1770s - first sightings - My Place. At the end of April 1770, Joseph Banks (1743–1820) described in his journal the first sighting of the inhabitants of New Holland at Botany Bay.
He observed that two Indigenous men were watching the ship at anchor in Botany Bay and he described them as decorated, with broad white strokes painted on their chests, backs and legs. The men shook their weapons and shouted at them, which could have been a customary way of meeting with strangers or to warn them off, or may have been part of a ceremonial ritual if they believed the new arrivals were part of the spirit world.
Early Contact. The encounter. Discover.
Twelve Canoes. The Rabbits Part 1. The Rabbits Part 2. Aboriginal people and the colony of NSW - Australian History, Colonisation. Aboriginal people and the colony of NSW is an excerpt from the documentary Rites of Passage the second episode of the two-part series entitled Rogue Nation, produced in 2009.
Rogue NationHistorian Michael Cathcart tells the epic story of how the colourful characters of early colonial Australia transformed a penal settlement into a land with rights and opportunity in a mere 40 years. This sweeping two-part dramatised documentary covers formative events in Australia’s history, including the Rum Rebellion and early court cases, which established independence and civil rights for all settlers. Rogue Nation explores how a fledgling colony on the wrong side of the globe was rapidly transformed from a place of punishment to a place of opportunity; a confident and prosperous community. 1780s - First attempt at communication (Bennelong) - My Place.
Almost a year after their arrival at Sydney Cove, Governor Arthur Phillip (1738–1814) and his officers had acquired very little knowledge about the Eora people.
Phillip had been instructed to open communications with the local people. Records from the time document that the people were perceived to be shy and mostly kept away from the new settlement. This was most likely to avoid the gunshots and the attacks. On 29 January 1788, Phillip attempted to communicate with the local people. According to a young officer, William Bradley (1757? Governor Phillip ordered the capture of an Aboriginal man in order to learn more about the local culture, the country and its resources such as water and food. In November 1789 Bennelong (1764?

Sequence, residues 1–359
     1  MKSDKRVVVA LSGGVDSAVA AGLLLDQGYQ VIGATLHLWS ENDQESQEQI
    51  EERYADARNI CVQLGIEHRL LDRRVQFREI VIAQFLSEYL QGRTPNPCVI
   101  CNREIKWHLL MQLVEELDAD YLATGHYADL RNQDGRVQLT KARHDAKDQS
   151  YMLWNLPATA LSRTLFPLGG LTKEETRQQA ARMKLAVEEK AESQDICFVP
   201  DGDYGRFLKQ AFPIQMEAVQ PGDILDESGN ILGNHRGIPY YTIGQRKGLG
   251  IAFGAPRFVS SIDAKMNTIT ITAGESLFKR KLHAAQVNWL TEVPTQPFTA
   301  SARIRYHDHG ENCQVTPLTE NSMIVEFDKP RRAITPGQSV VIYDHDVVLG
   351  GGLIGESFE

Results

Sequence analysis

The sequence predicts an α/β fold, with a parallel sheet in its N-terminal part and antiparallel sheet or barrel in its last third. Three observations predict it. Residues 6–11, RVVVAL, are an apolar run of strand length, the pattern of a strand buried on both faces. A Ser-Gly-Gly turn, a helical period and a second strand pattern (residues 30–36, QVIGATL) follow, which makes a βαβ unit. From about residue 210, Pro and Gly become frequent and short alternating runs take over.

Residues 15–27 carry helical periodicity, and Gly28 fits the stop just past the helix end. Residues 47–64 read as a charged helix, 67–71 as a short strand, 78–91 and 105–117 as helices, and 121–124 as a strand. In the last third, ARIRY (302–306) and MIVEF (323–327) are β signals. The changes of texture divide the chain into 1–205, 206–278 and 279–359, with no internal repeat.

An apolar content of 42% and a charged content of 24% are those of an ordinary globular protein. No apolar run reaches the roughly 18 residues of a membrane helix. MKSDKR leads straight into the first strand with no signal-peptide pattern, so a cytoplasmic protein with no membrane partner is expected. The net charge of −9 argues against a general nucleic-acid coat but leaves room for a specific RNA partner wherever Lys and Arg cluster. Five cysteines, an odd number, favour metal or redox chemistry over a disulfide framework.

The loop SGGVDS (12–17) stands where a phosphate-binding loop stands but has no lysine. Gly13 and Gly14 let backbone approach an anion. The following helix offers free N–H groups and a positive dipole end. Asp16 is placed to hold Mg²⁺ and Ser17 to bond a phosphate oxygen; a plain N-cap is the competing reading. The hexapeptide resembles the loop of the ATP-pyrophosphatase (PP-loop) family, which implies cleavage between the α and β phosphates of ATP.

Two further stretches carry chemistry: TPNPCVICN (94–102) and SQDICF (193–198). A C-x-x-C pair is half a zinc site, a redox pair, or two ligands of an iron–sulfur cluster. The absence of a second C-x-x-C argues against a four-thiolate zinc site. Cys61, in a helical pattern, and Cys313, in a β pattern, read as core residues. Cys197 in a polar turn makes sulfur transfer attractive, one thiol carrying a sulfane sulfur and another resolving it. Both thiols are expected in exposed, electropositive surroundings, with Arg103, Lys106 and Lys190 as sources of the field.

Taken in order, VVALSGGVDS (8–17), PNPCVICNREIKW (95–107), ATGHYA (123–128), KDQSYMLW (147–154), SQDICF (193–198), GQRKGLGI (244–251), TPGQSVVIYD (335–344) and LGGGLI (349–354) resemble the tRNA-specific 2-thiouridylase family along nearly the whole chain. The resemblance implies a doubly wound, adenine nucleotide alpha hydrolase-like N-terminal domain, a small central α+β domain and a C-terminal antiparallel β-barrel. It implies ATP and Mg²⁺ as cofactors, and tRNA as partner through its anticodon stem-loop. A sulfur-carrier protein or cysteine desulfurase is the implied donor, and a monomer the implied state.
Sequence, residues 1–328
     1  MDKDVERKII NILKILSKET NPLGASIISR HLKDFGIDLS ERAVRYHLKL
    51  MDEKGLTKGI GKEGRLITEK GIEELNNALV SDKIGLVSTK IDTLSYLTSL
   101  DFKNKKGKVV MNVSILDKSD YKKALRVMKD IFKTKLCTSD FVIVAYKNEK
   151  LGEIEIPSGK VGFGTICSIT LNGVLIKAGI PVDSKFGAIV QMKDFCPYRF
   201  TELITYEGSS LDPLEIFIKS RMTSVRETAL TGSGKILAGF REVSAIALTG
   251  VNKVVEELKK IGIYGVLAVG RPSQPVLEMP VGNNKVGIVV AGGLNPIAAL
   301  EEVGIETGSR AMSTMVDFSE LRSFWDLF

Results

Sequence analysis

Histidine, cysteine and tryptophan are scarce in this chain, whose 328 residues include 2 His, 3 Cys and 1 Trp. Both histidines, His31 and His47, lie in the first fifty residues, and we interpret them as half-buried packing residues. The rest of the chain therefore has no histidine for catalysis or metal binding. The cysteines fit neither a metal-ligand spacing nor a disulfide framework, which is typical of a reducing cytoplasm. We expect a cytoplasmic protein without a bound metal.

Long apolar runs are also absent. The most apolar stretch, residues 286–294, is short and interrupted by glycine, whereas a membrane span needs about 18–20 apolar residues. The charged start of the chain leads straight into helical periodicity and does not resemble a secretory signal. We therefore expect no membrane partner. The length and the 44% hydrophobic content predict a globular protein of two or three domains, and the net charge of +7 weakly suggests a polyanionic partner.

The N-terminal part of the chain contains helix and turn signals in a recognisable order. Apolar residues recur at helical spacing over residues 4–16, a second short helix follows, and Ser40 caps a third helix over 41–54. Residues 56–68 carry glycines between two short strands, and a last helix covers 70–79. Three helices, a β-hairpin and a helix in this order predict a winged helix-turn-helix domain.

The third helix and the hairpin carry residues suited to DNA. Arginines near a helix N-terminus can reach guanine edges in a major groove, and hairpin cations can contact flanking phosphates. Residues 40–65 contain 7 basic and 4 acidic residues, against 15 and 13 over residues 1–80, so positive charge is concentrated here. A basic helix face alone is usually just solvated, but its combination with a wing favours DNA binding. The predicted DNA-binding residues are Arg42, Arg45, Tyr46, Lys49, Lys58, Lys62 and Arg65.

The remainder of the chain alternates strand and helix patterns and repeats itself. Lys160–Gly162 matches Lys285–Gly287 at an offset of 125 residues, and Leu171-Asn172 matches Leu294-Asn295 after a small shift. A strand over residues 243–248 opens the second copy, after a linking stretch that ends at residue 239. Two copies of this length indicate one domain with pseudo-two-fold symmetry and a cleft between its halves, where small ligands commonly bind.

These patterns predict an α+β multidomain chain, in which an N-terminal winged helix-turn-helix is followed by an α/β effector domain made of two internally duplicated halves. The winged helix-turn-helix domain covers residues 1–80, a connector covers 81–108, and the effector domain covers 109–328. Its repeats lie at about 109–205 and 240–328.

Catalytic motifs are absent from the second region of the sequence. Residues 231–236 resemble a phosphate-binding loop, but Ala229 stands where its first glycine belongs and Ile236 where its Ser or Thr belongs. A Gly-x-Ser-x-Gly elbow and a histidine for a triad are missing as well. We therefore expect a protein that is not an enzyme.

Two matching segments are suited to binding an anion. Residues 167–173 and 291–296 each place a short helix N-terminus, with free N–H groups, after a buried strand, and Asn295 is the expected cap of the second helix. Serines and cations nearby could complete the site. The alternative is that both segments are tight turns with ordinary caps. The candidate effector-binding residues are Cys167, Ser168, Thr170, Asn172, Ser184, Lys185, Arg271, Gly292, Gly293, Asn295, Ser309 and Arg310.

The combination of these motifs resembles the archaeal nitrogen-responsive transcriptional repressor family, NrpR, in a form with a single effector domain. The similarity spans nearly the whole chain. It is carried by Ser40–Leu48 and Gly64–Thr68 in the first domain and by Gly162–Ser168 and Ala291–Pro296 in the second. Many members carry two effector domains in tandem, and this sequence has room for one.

Bennelong. Bennelong (1764?
-1813), Aboriginal man, was captured in November 1789 and brought to the settlement at Sydney Cove by order of Governor Arthur Phillip, who hoped to learn from him more of the natives' customs and language. Bennelong took readily to life among the white men, relished their food, acquired a taste for liquor, learned to speak English and became particularly attached to the governor, in whose house he lodged. In May he escaped, and no more was seen of him until September when he was among a large assembly of natives at Manly, one of whom wounded Phillip with a spear. The attack seems to have been the result of a misunderstanding, and Bennelong took no part in it; indeed, he expressed concern and frequently appeared near Sydney Cove to inquire after the governor's health.
In December 1792 he sailed with Phillip for England where he was presented to King George III. His wife, Barangaroo, bore him a daughter named Dilboong who died in infancy. Citation details. Pemulwuy. Pemulwuy (c.1750–1802), Aboriginal warrior, was born near what was later named Botany Bay, on the northern side of the Georges River, New South Wales.
His name (also spelt as Pemulwhy, Pemulwoy or other variations) was derived from the Darug (Dharug) word pemul, meaning earth. Europeans also rendered his name as 'Bimblewove' and 'Bumbleway'. He spoke a dialect of the Darug language and had a blemish in his left eye. According to Colebe, his left foot had been clubbed, suggesting he was a carradhy (clever man). In December 1790 Pemulwuy speared John McIntyre, Governor Phillip's gamekeeper, who later died of the wound. Pemulwuy. Pemulwuy 1792: Aboriginal warrior Pemulwuy leads resistance against Sydney colonists Governor King to Lord Hobart, Secretary of State for the Colonies, 30 October 1802: Decided measures therefore became necessary to prevent the out-settlers from being robbed and plundered, and to restore the natives to a friendly intercourse.
With these views (founded on the opinions of the principal officers coinciding with mine), I gave orders for every person doing their utmost to bring Pemulwye in either dead or alive … A remarkable man Despite his reputation – both before and after his death – only a few firm facts are known about Pemulwuy (or Bembilwuyam).
A Bidjigal (Bidgigal) man from the Botany Bay area of Sydney, his country ‘stretched from Botany Bay south of the Cooks River and west along the Georges River to Salt Pan Creek, south of Bankstown.’ 1 He had two distinctive physical features: one eye had a ‘speck’ or blemish; and one foot was clubbed. Background to resistance Disrupting colonisation. Interactions between Europeans and Aboriginal Tasmanians - History (4,5) 1780s - Cultural differences - My Place. On 26 January 1788, the British government through Governor Arthur Phillip (1738–1814) claimed sovereignty over the area that Captain James Cook had named New South Wales.